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When Racism Goes Viral: Vicarious Exposure to Violent Racism Among Affect Communities

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By: Keiko M. McCullough, Ph.D., Assistant Professor in Counseling Psychology and Calvin Lee, Counseling Psychology

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Social media is a tool that has steadily grown in both popularity as well as the number of social media sites available for public use. For many people, social media serves as a multi-functional form of entertainment, news, advocacy, education, and connection to others and communities. Additionally, using social media subsequently exposes users to the violent and tragic realities that are seemingly constant across the socio-political climate in the United States. In the U.S., violent acts of racism frequently “go viral,” surfacing upon cell phone screens, laptops, and newspapers. Media coverage of these incidents spans videos, such as the body camera footage showing the murder of George Floyd, images, such as images of the victims of the Atlanta Spa Shootings, textual descriptions, and other forms of communication (e.g. radio).

Today, vicarious exposure to violent acts of racism is a common occurrence, as media outlets relay details of race-based hate crimes, racially charged police brutality, and other acts of racial violence. While it is important for the public to be aware of these events, reports may be particularly distressing to individuals of the same racial backgrounds as the victim(s). As coverage frequently includes graphic materials, such as videos of the incident itself, images of the victims/perpetrators, and firsthand accounts of witnesses and survivors, it is important to assess the psychological impact of various forms of exposure upon the community members most likely to be affected.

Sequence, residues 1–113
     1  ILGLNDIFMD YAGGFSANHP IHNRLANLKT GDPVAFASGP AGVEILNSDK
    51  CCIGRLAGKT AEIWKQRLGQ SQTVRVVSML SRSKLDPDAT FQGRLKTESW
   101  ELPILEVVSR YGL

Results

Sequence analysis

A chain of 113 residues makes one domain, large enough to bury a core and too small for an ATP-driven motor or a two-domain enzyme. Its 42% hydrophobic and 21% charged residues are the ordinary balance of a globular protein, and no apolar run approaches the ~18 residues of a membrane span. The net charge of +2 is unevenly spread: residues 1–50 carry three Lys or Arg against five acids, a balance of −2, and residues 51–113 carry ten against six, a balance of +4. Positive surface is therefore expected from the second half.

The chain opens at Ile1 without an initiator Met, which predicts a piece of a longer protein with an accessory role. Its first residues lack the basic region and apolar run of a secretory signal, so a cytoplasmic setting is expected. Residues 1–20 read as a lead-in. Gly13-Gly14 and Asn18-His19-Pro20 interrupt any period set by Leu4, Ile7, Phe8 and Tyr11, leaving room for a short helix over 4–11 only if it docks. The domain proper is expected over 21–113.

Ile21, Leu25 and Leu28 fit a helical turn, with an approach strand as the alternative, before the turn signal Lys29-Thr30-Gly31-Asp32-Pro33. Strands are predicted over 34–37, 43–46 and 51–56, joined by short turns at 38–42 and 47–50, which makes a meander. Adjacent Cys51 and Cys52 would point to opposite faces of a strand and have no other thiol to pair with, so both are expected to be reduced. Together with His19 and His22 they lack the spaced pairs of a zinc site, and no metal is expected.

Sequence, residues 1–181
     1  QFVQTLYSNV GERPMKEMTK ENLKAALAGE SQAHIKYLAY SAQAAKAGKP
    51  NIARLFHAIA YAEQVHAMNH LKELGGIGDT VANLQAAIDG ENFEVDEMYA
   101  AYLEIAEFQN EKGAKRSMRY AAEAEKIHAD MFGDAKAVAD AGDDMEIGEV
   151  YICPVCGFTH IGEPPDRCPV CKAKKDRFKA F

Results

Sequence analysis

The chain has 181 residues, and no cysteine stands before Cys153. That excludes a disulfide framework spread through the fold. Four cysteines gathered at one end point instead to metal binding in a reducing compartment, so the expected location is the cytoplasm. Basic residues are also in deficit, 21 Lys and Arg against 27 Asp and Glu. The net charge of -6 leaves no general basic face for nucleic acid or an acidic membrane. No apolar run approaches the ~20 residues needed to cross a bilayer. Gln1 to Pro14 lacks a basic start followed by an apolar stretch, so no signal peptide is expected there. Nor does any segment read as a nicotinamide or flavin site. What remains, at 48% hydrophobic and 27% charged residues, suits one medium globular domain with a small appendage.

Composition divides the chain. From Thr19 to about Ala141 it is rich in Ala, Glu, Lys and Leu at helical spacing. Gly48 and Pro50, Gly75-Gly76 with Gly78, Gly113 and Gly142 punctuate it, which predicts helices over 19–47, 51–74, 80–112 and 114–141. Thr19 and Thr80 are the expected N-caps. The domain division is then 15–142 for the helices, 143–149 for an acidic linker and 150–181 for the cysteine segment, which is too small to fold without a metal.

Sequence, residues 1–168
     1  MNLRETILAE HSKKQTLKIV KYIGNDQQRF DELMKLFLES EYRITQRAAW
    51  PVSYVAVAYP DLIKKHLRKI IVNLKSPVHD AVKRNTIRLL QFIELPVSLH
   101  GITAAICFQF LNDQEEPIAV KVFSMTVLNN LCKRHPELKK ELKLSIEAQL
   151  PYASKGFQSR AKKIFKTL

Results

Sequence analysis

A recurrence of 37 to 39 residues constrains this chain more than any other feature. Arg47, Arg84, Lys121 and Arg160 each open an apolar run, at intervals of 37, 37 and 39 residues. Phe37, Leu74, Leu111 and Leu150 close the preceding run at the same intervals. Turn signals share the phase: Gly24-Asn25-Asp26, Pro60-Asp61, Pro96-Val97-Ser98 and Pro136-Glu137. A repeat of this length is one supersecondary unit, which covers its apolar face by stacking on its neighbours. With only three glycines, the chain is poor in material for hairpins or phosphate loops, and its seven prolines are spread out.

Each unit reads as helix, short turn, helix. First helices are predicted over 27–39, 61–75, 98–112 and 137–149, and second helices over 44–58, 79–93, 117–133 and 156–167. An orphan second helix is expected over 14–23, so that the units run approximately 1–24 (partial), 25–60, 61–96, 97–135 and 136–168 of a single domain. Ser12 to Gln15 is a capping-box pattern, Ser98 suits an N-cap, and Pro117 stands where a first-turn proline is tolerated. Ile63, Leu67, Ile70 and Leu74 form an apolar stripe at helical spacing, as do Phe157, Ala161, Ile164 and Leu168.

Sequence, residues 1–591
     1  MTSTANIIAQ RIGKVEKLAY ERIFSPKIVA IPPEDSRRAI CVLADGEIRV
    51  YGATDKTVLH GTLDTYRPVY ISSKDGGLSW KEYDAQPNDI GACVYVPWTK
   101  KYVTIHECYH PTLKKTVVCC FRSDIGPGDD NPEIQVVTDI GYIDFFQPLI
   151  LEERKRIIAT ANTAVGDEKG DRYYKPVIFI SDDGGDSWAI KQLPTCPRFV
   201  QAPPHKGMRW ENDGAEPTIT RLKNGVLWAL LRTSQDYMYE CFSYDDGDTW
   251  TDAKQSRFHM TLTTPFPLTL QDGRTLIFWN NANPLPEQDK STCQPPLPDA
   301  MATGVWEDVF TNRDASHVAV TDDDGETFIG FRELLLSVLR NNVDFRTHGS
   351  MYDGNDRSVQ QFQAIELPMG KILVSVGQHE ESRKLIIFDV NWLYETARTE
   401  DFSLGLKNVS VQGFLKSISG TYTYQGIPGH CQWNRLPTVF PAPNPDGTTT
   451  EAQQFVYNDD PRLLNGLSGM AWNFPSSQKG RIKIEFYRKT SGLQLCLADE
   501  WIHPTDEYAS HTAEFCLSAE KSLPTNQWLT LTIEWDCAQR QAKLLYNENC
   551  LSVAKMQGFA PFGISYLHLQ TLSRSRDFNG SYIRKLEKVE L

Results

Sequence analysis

While there is a significant amount of research documenting the negative effects of distressing media coverage and race-related stressors broadly, little is known about how indirect or vicarious exposure to these events impacts the psychological well-being of members from the same community as the victim(s). In large part, this is due to the lack of adequate measures and questions that get to the heart of these experiences. One of our primary goals for our project, When Racism Goes Viral: Vicarious Exposure to Violent Racism Among Affect Communities, is to stimulate future research in this area through developing a measure of vicarious exposure to violent racism that attends to multiple modalities of exposure (e.g., image, video, audio, and text), specifically tailored to individuals from the same racial group as the victim(s). Furthermore, we aim to investigate the unique relationships between different types of vicarious exposure and symptoms of secondary trauma, race-based traumatic stress, anxiety, depression, and other negative mental health outcomes to inform both clinical practice and media reporting policy. We hope to use the results from our findings to inform clinical practice and to provide recommendations for media outlets aimed at reducing the likelihood of vicarious traumatization and psychological harm amongst affected communities.

Social media is here to stay and can be a wonderful tool to be used by the general public. Our goal is to contribute our research towards creating psychologically safer spaces for people to learn, grow, and connect with others in building communities online.

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